Society of Professional Journalists FOI Alert
October 24, 2001
Vol. 6; No. 8
Contact: Ian Marquand, SPJ Freedom of Information Committee chairman
firstname.lastname@example.org or 406/542-4400.
SPJ urges openness; Web resources available
The Bush administration will focus more on protecting the privacy of individuals, institutions and corporations as it applies the federal Freedom of Information Act.
The Society of Professional Journalists has expressed its disappointment in the new policy and has urged Attorney General John Ashcroft to not use national security concerns as an excuse to hide large amounts of public records.
The administration’s approach to FOIA was revealed on Oct. 12 in a memo from Ashcroft to federal departments and agencies.
Ashcroft’s memo establishes a new FOIA policy which replaces the policy enacted in October 1993 by then-Attorney General Janet Reno.
Each new attorney general customarily establishes a new FOIA policy upon assuming office. While Ashcroft’s memo refers to the merits of FOIA in relation to government accountability and the exposure of fraud and waste, it stresses privacy issues.
“Any discretionary decision by your agency to disclose information protected under the FOIA should be made only after full and deliberate consideration of the institutional, commercial, and personal privacy interests that could be implicated by disclosure of the information,” it states.
Ashcroft’s memo also instructs agencies to consult with Justice Department lawyers, including civil litigation lawyers, “when significant FOIA issues arise.”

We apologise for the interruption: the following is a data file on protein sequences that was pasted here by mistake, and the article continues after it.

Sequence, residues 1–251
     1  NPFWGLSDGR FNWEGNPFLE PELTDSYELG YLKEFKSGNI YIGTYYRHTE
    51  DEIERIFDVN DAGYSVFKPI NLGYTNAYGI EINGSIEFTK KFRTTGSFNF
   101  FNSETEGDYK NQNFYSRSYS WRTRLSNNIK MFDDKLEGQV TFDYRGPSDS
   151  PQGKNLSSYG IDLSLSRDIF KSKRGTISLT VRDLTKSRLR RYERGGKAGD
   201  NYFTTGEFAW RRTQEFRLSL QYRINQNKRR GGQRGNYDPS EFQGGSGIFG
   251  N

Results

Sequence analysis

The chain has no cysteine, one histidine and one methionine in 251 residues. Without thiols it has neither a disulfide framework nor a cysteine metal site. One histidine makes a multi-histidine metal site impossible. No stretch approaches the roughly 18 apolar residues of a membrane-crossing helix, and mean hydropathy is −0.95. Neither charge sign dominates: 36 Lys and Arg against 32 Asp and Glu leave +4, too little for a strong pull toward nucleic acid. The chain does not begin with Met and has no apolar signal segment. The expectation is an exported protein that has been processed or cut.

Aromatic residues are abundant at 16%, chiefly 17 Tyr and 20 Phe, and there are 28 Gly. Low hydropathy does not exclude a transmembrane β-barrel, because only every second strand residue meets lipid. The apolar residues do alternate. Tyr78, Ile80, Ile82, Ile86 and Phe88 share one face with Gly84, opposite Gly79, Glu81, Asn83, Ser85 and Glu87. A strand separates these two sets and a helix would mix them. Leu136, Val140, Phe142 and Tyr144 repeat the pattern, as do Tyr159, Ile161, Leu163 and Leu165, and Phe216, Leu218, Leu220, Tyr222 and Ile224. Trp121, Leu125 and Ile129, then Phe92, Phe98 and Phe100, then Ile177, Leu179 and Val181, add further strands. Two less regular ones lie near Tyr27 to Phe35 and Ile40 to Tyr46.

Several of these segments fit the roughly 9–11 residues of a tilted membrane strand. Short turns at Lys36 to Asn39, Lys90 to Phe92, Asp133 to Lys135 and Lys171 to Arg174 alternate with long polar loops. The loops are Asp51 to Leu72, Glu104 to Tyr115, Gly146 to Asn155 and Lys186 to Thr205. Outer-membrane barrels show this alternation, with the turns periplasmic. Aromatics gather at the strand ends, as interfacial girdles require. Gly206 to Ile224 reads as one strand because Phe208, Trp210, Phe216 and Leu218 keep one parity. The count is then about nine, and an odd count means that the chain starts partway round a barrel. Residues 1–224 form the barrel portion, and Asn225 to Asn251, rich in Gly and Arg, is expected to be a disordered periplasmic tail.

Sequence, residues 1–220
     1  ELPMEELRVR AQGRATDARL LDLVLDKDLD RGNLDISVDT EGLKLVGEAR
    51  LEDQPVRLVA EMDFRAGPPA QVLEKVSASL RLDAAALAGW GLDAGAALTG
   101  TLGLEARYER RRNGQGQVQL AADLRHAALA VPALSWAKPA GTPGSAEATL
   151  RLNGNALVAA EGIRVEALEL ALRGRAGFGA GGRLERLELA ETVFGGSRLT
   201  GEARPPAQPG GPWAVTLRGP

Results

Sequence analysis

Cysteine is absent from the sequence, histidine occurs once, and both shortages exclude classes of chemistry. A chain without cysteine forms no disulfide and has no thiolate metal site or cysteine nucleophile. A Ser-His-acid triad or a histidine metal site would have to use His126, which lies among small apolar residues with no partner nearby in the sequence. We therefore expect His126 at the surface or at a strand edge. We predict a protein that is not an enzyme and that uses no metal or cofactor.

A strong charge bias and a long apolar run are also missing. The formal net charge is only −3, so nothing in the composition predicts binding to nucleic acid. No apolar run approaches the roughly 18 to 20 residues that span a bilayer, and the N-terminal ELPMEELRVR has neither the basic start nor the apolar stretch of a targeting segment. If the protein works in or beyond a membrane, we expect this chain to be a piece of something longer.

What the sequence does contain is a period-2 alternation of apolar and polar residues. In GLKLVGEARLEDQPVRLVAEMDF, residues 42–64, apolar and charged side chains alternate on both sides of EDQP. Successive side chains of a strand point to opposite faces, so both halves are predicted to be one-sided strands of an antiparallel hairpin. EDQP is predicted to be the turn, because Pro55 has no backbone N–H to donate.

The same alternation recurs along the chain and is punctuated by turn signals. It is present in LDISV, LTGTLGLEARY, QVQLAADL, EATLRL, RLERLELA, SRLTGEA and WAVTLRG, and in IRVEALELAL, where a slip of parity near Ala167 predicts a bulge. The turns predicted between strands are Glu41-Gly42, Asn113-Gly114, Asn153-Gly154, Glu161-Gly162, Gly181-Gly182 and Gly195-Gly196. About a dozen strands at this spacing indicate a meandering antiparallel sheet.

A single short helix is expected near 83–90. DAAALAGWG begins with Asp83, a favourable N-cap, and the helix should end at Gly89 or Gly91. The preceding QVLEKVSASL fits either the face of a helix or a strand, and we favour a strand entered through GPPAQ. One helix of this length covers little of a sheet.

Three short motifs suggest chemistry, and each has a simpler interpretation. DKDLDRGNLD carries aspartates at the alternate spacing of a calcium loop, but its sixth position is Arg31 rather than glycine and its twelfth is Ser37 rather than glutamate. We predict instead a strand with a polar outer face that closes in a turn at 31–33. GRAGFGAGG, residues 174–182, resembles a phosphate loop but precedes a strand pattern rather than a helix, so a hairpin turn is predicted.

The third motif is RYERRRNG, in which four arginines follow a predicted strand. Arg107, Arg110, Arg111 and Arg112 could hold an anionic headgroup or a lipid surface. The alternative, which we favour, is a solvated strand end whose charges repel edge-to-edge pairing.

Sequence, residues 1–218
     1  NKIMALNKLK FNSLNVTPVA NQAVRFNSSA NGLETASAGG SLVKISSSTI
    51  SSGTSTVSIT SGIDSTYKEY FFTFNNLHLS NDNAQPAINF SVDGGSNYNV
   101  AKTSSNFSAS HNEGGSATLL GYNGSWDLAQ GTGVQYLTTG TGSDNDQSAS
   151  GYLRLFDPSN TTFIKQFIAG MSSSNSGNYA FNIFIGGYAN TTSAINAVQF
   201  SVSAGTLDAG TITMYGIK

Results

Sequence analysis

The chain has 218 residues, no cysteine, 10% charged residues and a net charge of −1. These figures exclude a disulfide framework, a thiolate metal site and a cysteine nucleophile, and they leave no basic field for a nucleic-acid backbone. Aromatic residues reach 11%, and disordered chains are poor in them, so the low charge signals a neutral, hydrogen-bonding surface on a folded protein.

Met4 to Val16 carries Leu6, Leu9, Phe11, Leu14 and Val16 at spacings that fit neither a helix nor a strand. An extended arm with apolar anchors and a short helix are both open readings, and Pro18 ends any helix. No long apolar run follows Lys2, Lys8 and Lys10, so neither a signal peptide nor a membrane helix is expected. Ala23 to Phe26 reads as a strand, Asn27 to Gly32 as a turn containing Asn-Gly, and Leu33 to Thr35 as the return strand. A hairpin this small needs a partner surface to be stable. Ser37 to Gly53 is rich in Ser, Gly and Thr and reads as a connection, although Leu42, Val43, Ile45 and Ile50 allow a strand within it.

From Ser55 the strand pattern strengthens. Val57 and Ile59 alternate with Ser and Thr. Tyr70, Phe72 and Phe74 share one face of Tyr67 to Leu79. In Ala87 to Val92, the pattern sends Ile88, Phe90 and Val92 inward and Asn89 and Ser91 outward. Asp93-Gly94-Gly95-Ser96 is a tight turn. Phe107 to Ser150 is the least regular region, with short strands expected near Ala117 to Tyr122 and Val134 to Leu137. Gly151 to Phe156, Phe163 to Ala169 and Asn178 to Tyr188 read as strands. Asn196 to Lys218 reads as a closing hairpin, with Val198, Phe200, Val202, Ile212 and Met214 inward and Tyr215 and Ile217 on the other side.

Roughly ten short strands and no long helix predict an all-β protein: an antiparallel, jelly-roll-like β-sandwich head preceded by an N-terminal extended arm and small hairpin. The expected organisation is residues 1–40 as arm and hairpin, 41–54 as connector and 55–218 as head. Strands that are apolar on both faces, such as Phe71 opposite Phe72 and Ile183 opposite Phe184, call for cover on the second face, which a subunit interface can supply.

To read the full text of Ashcroft’s memo, visit the Department of Justice’s Web site at:
To read SPJ’s response to Ashcroft, visit on-line at:
To read Attorney General Reno’s 1993 FOIA policy memo, as printed in the Justice Department’s “FOIA Update” in 1993, visit the DOJ Web site at:
The Justice Department also maintains President Clinton’s 1993 statement of support for FOIA, which remains in place. To read that memo, visit:
Additionally, President Bush is said to be ready to support a new, “narrowly crafted,” exemption to FOIA to allow certain private sector information on computer information security to remain secret. In particular, the exemption would cover reports of security breaches or other problems in corporate information systems. The Associated Press reported the story on Oct. 18, after a speech by John Tritak, director of the administration’s Critical Infrastructure Assurance Office. The AP reported that the new exemption would “overcome traditional reluctance by industries, especially technology, to reveal potentially embarrassing details without fear of disclosure.”
For more information on the Critical Infrastructure Assurance Office and the newly-created Critical Infrastructure Protection advisory board, visit: